The KNLTB is careful and reserved, because the procedure has had such an impact on the organization and unpredictable authority. Legal certainty has declined and the KNLTB strongly hopes that in the future clearer guidelines on the use of personal data for marketing in the sport will be published. There is therefore more regular consultation with other associations and experts. As mentioned, the KNLTB thinks it’s important that members have control over their own data, so the KNLTB has maintained the level of control for members and made information more accessible.


“The KNLTB feels strengthened by the recent ruling in the case of VoetbalTV.”


Question 6) Every disadvantage has its advantage. Despite the fact that the disadvantage first faced the KNLTB, the KNLTB as well as many other parties and companies can learn from it. Focus on the future. What does this future look like for the tennis federation regarding data, privacy and thereby of course for the sport itself?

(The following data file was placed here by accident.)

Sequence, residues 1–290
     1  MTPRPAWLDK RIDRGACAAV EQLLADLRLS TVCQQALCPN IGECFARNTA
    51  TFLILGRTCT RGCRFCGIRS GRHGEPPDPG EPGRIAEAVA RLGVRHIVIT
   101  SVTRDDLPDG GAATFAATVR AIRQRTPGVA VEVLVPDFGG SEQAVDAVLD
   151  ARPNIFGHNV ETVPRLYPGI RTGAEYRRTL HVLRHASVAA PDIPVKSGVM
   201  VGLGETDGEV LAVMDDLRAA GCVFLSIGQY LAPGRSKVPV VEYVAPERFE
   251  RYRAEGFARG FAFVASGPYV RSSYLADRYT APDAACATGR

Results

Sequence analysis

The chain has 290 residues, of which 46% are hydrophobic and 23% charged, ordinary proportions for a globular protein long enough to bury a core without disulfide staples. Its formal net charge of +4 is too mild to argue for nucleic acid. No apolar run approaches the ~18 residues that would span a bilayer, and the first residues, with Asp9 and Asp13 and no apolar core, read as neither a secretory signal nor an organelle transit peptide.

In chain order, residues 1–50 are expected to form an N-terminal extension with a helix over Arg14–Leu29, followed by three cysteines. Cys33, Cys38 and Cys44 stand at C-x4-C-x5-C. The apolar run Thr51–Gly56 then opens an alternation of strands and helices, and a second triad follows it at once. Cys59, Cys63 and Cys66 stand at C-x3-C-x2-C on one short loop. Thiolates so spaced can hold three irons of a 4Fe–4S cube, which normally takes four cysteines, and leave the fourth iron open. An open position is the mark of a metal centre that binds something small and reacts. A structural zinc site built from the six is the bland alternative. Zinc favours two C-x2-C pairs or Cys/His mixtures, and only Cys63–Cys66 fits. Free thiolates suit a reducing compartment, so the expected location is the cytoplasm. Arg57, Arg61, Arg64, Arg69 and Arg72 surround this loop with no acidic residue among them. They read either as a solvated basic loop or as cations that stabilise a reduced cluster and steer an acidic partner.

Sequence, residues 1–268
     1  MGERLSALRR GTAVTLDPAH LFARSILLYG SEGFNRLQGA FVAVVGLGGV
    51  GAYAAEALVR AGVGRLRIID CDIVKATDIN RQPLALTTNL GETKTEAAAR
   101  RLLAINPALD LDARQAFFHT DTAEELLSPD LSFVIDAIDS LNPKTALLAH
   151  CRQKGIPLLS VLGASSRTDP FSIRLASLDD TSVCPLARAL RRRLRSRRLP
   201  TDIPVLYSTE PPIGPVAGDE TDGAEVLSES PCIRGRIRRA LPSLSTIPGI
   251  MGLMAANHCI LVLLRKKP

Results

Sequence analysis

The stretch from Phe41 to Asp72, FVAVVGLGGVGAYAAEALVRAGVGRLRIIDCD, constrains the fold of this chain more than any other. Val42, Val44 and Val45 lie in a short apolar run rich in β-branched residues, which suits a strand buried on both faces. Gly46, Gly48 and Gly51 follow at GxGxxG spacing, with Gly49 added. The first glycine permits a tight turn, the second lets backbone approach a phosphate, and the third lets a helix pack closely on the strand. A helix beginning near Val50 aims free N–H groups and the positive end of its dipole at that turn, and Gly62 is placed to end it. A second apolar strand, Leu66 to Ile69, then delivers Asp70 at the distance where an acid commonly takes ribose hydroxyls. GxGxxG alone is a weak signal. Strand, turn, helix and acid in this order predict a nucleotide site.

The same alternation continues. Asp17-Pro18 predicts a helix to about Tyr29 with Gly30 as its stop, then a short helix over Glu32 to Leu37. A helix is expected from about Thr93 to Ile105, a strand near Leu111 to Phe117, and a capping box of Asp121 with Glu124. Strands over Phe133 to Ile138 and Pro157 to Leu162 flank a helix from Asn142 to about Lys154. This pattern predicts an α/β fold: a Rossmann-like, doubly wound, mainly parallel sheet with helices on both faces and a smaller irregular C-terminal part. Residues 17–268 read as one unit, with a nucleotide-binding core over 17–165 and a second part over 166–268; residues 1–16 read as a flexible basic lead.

We are confident that we will come out stronger. The KNLTB tries to develop products with our partners to make the jobs of our volunteers easier. As an organisation, the KNLTB continues to process processes, so that privacy by design is a structural part of the KNLTB organization and tennis and padel in the Netherlands.


And as for the sport itself, we and all tennis and padel fans will always continue to do what we enjoy most and the KNLTB will continue to make sure that everyone can keep doing so.


About the author
Robert Jan Schumacher is the Director of Services at the Koninklijke Nederlandse Lawn Tennis Bond (KNLTB). Robert Jan has been working for the tennis federation for almost ten years now. He started as Head of Communications. After four and a half years he became Director of Services.